Tabby / Domestic Short Hair / Mixed (short coat)
Details about Sherman
- ID C230948
- Adoption Fee: $225
- Breed: Tabby / Domestic Short Hair / Mixed (short coat)
- Gender: Male
- Coat Length: Short
- Grooming Needs: Moderate
- Current Weight: 0.0 lb.
- Estimated Birthdate: 2/26/2023
- Declawed: No
Sherman's Compatibility Attributes
- Good with Dogs: Yes
- Good with Adults: All
- Good for Apartment Living: Yes
Sherman's Personality and Behavioral Qualities
- Housetrained/Littertrained: Yes
- Energy Level: Moderate
- Reaction to New People: Friendly
- Lap pet, Playful, Affectionate, Eager to Please, Intelligent, Goofy, Plays with Toys
Hi I’m Sherman!
I’m a happy playful adolescent cat. I still have plenty of kitten antics and I’m a fun loving little guy. I'd do well in most homes but would especially love not being alone for long periods because I’m still just a little guy yet and enjoy the company of humans.
I love to be by my foster mom however I’m not overly affectionate like some cats can be. I can snuggle next to her and be perfectly content. My foster mom thinks I’m pretty much perfect!! I am looking forward to meeting you.
Sherman is from a stray surrender. If you are interested in getting to know this animal better, please fill out an adoption application. An adoption application is the best way to show your interest in an animal and is not a binding contract.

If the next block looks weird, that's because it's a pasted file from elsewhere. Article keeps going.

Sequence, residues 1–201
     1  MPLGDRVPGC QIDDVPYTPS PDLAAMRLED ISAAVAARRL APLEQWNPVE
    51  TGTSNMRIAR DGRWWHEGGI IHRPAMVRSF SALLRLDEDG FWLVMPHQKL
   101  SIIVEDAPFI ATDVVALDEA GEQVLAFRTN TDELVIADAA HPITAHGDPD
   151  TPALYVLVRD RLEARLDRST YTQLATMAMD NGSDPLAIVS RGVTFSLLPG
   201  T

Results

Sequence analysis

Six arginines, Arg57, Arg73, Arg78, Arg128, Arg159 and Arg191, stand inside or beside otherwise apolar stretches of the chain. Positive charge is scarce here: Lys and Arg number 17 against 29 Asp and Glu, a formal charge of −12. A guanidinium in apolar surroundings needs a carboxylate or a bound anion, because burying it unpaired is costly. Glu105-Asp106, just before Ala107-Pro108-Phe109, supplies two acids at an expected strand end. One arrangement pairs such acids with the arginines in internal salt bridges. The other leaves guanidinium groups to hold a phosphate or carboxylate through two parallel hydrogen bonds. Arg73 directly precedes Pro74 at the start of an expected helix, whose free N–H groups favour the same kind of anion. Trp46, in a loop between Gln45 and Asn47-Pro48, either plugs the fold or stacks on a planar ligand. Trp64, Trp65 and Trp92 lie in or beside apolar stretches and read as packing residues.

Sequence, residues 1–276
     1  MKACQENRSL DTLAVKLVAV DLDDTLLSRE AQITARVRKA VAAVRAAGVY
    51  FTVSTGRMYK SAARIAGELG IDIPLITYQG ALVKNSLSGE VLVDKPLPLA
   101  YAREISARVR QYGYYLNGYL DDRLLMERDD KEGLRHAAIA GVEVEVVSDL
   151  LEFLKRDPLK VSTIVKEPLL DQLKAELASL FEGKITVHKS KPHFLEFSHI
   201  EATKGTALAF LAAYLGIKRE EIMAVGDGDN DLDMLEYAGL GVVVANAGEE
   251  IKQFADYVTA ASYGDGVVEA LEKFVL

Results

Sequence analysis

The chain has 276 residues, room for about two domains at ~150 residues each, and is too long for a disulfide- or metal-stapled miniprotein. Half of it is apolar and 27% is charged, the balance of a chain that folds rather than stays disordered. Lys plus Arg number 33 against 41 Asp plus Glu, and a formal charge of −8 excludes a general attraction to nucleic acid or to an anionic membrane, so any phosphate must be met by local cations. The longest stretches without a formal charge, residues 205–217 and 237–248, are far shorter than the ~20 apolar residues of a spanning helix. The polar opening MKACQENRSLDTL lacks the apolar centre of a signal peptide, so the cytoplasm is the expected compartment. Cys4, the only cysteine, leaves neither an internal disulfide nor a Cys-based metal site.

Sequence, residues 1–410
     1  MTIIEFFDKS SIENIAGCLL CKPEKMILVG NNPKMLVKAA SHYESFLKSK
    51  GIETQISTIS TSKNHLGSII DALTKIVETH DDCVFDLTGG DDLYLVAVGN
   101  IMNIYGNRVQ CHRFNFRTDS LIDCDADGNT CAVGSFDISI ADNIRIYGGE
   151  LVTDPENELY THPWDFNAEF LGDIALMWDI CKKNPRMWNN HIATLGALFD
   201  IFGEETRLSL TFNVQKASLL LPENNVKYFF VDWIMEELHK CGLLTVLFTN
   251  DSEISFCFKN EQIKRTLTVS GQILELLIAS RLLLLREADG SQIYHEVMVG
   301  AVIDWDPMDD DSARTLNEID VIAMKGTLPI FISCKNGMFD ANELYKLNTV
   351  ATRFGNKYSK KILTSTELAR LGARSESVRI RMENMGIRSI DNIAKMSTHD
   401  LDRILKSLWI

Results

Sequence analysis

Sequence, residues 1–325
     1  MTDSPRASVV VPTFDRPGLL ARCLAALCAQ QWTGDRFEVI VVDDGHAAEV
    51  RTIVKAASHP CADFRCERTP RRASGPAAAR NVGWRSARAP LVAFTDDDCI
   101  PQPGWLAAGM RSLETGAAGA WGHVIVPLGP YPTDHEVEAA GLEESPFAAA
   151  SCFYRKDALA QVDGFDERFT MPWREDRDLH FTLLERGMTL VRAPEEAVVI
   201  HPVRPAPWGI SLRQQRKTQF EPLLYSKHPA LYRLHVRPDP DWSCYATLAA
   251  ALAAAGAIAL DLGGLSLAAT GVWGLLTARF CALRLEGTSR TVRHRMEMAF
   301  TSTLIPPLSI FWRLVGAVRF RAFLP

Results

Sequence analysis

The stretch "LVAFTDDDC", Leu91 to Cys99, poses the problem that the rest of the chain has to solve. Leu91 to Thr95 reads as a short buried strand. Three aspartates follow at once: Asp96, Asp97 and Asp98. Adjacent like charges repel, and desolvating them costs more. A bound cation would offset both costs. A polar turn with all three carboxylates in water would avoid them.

To learn more about Ruff Start’s adoption process and the care our foster animals receive, please visit our How to Adopt page.
If you'd like to donate towards this pet's care, you can donate to our Animal Care Fund. Our Animal Care Fund supports the medical and veterinary needs for all Ruff Start Rescue animals. You'll be able to enter this pet's name on the second page of the donation form.
Want to adopt a kitten? We highly recommend you consider bringing home two instead of one! Adopting kittens in pairs has been proven to be beneficial for cats’ emotional and behavioral well-being and greatly improves the likelihood of long-term adopter happiness as a result. Adopting more than one kitten also reduces the risk of “Single Kitten Syndrome” (also known as Tarzan Syndrome), a symptom of under-socialization during a kitten’s most formative weeks. Kittens who are under-socialized may develop aggressive tendencies toward both other animals and humans as they grow, creating lifelong behavioral issues for owners.